then when I think that's solid, I start writing. You'll need Final Draft. Don't even bother trying to write in that format on anything else. I think Celtx also works, but Final Draft is industry standard.
Then, when you finish a draft, you let someone you trust read it... and it fukkin sucks, so you re-write it 10 times.
it's fun, but... it's not much fun. Still, I want to do it for a living. I know the odds are stacked against me, but for now all I'm doing is writing and writing, just throwing more shyt on the pile so when I ever get to the point where I can pitch stuff, I have a ton to show.
Feel free to ask more specific shyt and I'll try to help.
oh and as far as filmmaking goes...
they always say shooting your own shyt is a good idea. Getting some of your stuff on youtube, etc. Me personally, I have no fukkin interesting in acting or directing, and I think 99% of the youtube/funnyordie shyt comes out terrible.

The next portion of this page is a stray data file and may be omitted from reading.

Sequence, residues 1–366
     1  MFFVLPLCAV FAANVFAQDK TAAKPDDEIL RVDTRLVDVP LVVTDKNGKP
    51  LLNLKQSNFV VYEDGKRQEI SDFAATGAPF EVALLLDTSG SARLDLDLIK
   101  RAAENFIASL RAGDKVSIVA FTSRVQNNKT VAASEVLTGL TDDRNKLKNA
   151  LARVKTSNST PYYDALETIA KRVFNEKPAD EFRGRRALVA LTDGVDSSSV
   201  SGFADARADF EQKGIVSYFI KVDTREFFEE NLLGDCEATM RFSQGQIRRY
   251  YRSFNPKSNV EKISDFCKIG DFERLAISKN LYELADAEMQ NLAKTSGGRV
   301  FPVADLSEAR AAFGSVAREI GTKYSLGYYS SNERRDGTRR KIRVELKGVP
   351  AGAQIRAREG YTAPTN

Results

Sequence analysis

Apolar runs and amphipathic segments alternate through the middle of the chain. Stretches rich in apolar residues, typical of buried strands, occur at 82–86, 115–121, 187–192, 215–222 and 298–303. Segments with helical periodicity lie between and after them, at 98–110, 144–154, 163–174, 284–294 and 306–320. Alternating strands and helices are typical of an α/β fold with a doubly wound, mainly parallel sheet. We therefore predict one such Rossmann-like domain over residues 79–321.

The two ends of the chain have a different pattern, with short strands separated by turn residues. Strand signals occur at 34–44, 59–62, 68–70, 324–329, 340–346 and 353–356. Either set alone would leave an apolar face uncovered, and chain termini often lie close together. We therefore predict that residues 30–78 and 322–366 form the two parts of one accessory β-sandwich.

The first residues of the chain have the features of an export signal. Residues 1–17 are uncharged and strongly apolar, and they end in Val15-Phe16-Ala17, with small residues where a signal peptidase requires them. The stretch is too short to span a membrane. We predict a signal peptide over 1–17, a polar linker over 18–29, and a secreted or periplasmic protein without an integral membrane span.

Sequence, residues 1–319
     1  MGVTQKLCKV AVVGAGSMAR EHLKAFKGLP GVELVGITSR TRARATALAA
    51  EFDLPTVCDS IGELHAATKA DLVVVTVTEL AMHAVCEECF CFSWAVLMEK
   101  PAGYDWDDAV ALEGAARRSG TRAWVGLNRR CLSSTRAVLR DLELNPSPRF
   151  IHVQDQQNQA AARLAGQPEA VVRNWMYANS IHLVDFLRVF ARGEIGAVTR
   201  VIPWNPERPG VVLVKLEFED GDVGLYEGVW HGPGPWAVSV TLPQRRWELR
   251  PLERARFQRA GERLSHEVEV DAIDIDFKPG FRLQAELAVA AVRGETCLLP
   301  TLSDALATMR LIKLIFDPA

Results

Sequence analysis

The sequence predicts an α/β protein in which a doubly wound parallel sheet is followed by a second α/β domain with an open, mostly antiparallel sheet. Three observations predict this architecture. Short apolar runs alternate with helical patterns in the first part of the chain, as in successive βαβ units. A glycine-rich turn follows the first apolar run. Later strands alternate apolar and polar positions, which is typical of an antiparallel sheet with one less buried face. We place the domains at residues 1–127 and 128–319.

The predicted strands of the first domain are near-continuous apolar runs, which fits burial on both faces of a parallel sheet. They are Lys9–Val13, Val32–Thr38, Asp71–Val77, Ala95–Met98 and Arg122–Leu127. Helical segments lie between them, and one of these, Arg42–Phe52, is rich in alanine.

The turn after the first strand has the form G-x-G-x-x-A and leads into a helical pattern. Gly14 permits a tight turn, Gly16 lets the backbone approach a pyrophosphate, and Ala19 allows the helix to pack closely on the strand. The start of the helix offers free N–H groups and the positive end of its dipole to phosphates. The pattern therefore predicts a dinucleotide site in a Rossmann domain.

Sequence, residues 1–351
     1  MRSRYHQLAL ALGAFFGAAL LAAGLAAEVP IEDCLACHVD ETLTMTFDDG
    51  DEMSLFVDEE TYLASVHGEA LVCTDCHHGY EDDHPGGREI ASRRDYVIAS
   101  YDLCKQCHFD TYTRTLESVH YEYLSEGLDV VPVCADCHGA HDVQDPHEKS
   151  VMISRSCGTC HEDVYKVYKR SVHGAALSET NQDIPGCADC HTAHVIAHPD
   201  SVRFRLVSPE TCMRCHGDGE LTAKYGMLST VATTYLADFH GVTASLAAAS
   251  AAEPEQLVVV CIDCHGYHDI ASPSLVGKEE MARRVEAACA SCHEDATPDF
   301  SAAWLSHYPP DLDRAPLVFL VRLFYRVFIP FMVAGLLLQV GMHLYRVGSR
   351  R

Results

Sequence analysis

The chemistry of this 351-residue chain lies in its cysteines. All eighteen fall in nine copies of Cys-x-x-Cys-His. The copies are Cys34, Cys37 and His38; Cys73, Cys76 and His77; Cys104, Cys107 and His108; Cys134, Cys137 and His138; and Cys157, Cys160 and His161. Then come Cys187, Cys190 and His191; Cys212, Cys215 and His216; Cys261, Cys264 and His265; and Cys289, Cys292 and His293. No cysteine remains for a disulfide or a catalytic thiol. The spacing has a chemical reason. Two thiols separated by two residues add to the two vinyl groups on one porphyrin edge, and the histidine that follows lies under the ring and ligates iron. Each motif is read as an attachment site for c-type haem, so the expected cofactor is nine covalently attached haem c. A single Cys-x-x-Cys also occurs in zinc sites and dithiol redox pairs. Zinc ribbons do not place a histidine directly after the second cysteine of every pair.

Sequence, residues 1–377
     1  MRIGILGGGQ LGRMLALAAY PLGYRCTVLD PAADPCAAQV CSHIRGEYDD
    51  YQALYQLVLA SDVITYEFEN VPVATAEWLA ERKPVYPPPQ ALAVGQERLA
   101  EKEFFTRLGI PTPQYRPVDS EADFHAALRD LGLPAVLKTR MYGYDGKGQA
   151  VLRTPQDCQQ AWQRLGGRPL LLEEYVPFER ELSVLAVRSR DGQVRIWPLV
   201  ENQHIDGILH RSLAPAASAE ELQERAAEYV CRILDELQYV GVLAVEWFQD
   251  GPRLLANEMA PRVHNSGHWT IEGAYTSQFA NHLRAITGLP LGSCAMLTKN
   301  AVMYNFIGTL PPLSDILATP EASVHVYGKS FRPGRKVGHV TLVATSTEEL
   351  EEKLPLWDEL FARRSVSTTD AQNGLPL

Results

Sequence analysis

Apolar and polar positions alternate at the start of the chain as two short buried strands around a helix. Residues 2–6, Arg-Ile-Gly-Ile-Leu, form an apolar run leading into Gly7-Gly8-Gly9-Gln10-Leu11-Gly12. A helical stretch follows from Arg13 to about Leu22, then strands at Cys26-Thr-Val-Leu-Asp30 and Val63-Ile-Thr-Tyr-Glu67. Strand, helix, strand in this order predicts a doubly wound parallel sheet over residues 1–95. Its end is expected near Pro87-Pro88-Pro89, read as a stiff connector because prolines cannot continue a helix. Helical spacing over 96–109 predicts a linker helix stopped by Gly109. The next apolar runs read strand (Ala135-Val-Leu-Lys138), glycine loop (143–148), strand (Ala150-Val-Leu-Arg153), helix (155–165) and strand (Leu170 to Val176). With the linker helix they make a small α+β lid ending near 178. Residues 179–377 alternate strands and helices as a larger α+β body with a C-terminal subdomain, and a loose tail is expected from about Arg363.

I wrote this short years ago about 2 disgruntled government workers playing a mad lib (mad liberals, double meaning, clever!) and these dudes shot it for me. They actually added the opening and changed a few lines of dialogue. Don't get me wrong, it's cool and all, and it looks pretty good... but again, these videos always look like crap to me. Mad Libs from UTR and David Whitney I can't imagine a studio is gonna break my door down because my video is 77% funny! (that sucks btw)
not really big into writing.
More editing, camera work, etc.
I confident in my skills, I just worry about finding a good starting point and getting my foot in the door
My homie is graduating film school on the 26th of this month. I have taken a college course on (2 actually) on screenwriting. I know how to format a screenplay off the top of my head. How one shoulkd be written if you don't want it thrown in the trash.
There's are different types of screenplays that you can write. One is a submission draft (basically first draft for submission that might be picked up but will be changed or altered) then the production script basically the final version that will be used to film.